We’re getting closer and closer to being able to start our mighty 6.0L V12 and something we know isn’t going to cut it in factory trim are the injectors. As with most OEM applications the injectors are designed to be pretty close to their maximum duty cycle. I don’t know if OEM’s do this to make sure people can’t do too much to their engines before requiring you to replace things, or if there’s some other reason (better efficiency when closer to maximum duty cycle etc) but most OEM’s don’t seem to let you have more than 15% or so without running out of fuel.
To correct that in this case we’re replacing the OEM injectors with something larger. Injector technology has moved on significantly since this engine was designed, however I didn’t want to move to newer style injectors for a few reasons, so I decided to contact a specialist of Bosch injectors in the USA and they were able to match the fitment of the Mercedes Bosch injectors with some from a Saab turbo. Those were twice the capacity, but would be a straight swap physically for our existing units. These units are around 400cc per minute. Now for those tech types out there would say “that’s not much”, which is true in most engines since they’re only 4 cylinders, but when you have 12 x 400cc per minute that’s quite an amount of fuel and will easily cope with 900HP which is well above what we ever plan with this engine.
You can see the size difference between the stock and the new injectors, but the overall fitment is the same (length, electrical connector etc).
I mentioned the term “V12 tax” in our last article and this is a good case of that. Purchasing a new style of injectors was going to cost close to $ 200 each. Now that doesn’t sound too bad until you realise you need 12 so that’s nearly $ 2500 just on injectors. These older style Bosch units were brand new and were half of that cost and wouldn’t perform any different for our needs and also wouldn’t require any adaptors or adjustments to the stock fuel rail etc so it was a no brainer.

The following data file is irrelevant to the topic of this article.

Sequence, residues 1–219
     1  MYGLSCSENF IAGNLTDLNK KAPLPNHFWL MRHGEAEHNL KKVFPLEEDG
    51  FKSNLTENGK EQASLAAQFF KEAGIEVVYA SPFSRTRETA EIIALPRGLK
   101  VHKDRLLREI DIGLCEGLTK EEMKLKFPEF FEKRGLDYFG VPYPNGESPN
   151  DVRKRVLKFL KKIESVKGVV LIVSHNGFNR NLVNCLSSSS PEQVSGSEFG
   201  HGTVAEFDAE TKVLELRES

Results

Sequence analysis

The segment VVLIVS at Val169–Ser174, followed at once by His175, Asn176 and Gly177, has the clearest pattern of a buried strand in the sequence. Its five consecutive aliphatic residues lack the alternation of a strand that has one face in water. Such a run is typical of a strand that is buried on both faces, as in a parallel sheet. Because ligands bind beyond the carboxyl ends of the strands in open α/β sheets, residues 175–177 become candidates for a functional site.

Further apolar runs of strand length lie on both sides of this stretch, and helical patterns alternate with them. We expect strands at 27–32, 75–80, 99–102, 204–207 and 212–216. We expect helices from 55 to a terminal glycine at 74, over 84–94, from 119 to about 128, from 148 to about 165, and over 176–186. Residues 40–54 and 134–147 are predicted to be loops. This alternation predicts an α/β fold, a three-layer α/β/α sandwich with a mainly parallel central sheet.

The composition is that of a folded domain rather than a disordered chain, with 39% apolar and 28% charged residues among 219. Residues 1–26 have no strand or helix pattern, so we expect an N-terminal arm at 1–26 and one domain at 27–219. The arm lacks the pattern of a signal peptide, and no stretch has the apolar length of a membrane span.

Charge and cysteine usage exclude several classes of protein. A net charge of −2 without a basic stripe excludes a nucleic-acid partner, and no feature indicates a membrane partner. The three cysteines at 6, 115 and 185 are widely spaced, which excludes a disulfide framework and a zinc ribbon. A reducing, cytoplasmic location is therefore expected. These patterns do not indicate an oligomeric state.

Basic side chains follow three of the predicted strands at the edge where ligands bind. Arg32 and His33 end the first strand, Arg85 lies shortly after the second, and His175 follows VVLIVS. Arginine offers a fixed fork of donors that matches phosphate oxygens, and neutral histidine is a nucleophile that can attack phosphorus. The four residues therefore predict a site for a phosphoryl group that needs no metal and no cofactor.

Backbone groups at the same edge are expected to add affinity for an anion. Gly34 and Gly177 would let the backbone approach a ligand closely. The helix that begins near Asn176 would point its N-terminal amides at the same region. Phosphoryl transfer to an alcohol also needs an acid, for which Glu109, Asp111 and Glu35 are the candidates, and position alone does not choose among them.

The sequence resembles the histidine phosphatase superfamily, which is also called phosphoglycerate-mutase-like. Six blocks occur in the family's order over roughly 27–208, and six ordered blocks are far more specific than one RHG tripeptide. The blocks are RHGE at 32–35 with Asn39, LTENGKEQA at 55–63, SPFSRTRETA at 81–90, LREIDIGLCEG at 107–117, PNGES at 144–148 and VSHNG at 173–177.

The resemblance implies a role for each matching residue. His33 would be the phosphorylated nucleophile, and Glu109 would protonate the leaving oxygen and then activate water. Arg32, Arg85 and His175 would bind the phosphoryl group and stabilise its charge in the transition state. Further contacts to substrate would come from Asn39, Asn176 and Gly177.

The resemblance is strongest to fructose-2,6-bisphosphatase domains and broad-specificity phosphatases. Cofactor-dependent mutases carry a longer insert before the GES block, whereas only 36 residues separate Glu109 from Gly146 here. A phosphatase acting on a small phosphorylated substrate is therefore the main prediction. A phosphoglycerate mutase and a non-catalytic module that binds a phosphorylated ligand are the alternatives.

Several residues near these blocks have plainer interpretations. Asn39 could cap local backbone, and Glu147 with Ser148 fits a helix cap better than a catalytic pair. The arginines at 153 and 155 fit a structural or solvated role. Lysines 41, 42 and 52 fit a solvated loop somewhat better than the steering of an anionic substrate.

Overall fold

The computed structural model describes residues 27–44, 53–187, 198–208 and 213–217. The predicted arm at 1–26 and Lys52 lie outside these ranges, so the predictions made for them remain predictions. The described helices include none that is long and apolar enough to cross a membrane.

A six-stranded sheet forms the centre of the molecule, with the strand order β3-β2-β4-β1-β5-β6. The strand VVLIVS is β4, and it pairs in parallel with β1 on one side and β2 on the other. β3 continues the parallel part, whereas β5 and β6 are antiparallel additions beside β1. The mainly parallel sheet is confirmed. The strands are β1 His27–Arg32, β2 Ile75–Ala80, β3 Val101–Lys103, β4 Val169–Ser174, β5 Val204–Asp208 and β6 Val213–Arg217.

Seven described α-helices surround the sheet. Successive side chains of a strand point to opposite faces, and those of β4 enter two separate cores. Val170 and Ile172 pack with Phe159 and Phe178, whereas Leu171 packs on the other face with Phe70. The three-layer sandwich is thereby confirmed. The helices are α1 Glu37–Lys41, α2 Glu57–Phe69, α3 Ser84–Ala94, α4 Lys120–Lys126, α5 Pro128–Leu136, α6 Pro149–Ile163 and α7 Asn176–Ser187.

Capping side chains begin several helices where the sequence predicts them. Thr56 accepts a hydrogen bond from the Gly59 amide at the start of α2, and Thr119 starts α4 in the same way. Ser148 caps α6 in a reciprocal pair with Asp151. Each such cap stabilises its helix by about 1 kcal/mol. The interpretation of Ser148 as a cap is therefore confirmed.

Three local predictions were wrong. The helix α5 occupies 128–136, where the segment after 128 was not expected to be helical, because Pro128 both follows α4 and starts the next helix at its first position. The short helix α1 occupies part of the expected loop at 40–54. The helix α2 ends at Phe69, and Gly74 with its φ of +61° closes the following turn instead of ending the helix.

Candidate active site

Next it was time to finally coat the modified factory intake plenum. I decided to use my favourite wrinkle paint from VHT.
Next it was time to install the new intake plenum permanently, so I fitted the new intake gaskets and bolted the plenum in place.
Next was to wire up the injectors, ignition coils etc and to plumb the fuel supply to the new injectors and test. Luckily we had finished wiring the fuel pumps, injector power etc so it was pretty straight forward to check the injectors to make sure they were working properly.
Believe it or not, the wiring was perfect for everything connected to the engine which was great, but not so great was the fact that 3 of my 12 new injectors weren’t opening properly. We could hear them trying, but they wouldn’t open properly. This is apparently quite common with new injectors that have been sat for a while (these were on the shelf for 6 months) as the fluid they use to flow test the injectors can get dried and makes the injector stick. Chris from Prestige Tuning and Motorsport was able to help here and get them unstuck after I tried and failed !
Once I got the working injectors back I was able to test all of the injectors and wiring again with the help of Chris and the ECU was reporting good values from all the sensors we needed to start the engine ! Getting close now.
Please feel free to comment or ask questions, I really love sharing and discussing our build and cars in general with other readers.
There’s a newer entry in this story, please click here – FZ12 – Part 31
If you’ve missed the last part of our story then click here FZ12 – Part 29
or if you want to go right to the beginning then click here FZ12 – Part 1